A port authority is an arm of the state and cannot be held liable for prejudgment interest on damages assessed in a contract action in the absence of a statutory or contractual provision requiring it.


State of Ohio v. Hassan Arnold
Quote by Judge Zayas:
On September 6, 2021, Arnold was charged with making a telecommunication with the purpose to threaten Meredith Gibson in violation of R.C. 2917.21(B), a misdemeanor of the first degree. The case proceeded to a bench trial, where the state presented the testimony of Meredith Gibson, Nikia Bowman, and Officer Bittinger.
Gibson testified that she had two children with Arnold, but they were no longer in a relationship. On September 6, 2021, she had a phone conversation with Arnold while she was at her sister’s house. During the first conversation, Arnold asked if he could pick up their son. She told him she had plans that day, but that he could have their son the next day. He called her right back and asked about taking their son with him to a shelter. She said Arnold wanted to use their son to help him get into a shelter. She told him no. She testified, “And then, from there, he got mad.” She said the calls started getting really adamant and Arnold told her that he was going to “beat [her] ass” every time he saw her and make her life a “living fing hell” if she did not bring their son outside. He also threatened to burn her sister’s house down. He kept calling her. She guessed that Arnold made “at least” 25 calls over a period of an hour, around ten of which she answered. Arnold was parked outside her sister’s house. Her sister was in the room with her the entire time.

Defendant’s conviction for telecommunications harassment was not against the manifest weight of the evidence where the evidence showed that, while the initial purpose of the telephone calls was to retrieve his son, his purpose shifted to threatening or harassing the victim into changing her mind once she refused to give him their son. 

State of Ohio v. Jermaine Champion
C-210534, C-210604
Quote by Judge Crouse:
On January 3, 2020, Champion was charged with aggravated murder, murder, felony murder, felonious assault, and having weapons under disability. The aggravated-murder, murder, felony-murder, and felonious-assault charges each carried firearm specifications. The matter proceeded to a jury trial, but ended in a mistrial.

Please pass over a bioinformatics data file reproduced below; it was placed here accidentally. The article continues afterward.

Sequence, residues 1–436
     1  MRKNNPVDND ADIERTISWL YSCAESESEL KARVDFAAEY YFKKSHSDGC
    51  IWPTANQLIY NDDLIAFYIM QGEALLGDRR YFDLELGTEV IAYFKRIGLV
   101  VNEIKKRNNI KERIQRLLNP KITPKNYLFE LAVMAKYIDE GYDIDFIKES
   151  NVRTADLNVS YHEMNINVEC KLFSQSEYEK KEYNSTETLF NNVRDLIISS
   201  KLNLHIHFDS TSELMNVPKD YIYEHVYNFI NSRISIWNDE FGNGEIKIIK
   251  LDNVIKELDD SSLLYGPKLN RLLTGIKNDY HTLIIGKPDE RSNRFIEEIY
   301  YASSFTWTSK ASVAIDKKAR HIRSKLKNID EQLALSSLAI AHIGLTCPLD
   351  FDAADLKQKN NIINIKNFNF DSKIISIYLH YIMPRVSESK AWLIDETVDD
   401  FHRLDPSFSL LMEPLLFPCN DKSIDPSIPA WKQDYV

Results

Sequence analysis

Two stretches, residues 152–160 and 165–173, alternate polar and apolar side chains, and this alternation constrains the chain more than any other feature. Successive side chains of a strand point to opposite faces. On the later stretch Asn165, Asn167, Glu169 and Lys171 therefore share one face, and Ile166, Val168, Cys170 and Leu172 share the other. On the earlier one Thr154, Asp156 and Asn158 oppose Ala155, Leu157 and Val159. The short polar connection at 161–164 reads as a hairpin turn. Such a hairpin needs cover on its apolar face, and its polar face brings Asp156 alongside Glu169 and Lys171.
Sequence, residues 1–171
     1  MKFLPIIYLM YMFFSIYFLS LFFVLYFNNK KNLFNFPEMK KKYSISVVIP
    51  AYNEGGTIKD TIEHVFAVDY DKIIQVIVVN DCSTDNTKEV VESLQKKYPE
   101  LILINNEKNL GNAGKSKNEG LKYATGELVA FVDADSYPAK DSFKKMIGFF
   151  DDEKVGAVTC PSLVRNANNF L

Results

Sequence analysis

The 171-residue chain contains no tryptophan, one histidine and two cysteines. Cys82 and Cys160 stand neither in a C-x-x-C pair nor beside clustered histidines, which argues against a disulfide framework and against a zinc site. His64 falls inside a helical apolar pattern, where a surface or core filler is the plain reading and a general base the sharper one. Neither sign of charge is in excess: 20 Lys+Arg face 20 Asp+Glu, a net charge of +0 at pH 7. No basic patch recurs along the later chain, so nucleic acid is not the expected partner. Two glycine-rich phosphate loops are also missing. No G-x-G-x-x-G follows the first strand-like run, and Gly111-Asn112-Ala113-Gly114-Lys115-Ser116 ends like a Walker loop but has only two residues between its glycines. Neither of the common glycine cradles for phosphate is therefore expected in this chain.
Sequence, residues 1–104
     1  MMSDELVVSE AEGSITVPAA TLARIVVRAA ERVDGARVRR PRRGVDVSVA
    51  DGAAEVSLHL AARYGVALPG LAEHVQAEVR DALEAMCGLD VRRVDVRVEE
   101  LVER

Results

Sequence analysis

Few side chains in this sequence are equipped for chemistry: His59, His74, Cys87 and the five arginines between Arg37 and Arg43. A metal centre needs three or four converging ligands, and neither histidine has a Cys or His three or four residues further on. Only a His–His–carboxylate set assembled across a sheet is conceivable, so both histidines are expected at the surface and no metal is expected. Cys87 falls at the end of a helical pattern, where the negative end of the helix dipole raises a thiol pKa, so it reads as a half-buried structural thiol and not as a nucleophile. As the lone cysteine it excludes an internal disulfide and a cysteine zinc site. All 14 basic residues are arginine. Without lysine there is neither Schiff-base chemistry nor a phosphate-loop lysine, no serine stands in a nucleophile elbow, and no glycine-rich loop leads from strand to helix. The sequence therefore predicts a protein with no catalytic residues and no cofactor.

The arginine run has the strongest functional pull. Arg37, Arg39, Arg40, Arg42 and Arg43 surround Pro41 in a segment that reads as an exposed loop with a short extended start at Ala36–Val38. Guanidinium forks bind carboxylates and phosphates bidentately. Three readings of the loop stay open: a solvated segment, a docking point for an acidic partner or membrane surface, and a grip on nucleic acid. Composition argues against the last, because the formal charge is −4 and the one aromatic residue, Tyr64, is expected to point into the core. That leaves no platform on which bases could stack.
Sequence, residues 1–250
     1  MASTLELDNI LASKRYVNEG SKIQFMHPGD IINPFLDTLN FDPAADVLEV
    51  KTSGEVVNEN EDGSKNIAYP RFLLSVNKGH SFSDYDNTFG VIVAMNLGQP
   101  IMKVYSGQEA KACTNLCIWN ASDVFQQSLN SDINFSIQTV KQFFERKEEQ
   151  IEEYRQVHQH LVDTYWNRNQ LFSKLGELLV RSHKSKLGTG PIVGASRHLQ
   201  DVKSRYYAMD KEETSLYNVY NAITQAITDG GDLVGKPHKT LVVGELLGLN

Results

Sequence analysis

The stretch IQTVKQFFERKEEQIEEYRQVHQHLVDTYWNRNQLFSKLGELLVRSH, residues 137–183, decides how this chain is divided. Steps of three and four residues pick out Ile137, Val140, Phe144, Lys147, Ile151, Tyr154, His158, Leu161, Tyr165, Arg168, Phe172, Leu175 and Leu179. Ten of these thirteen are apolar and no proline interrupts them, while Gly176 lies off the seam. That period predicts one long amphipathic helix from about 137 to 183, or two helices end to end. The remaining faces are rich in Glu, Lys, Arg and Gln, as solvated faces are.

On October 6, 2021, Champion waived his right to a jury trial and entered into a plea agreement. Champion pleaded guilty to an amended and reduced charge of involuntary manslaughter, in violation of R.C. 2903.04(A), with a three year firearm specification (count 3),
1 felonious assault, in violation of R.C. 2903.11A(A)(1), with a three-year firearm specification (count 4), and having weapons while under disability, in violation of R.C. 2923.13(A)(3) (count 5). The plea agreement included an agreed recommended aggregate sentence of 19 years and specified that the sentences for counts 3 and 4, including the attendant firearm specifications would be served consecutively, while the sentence for count 5 would be served concurrently. In exchange, the state dismissed the remaining charges and specifications.

Pursuant to R.C. 2953.08(D)(1), defendant’s sentences were not subject to appellate review where defendant waived the allied-offenses issue by stipulation, and the trial court imposed the sentences as jointly recommended by defendant and the prosecution.

Defense counsel was not ineffective for drafting, and counseling his client to enter into, a plea agreement where the sentences, for offenses which defendant claimed were allied, would be served consecutively.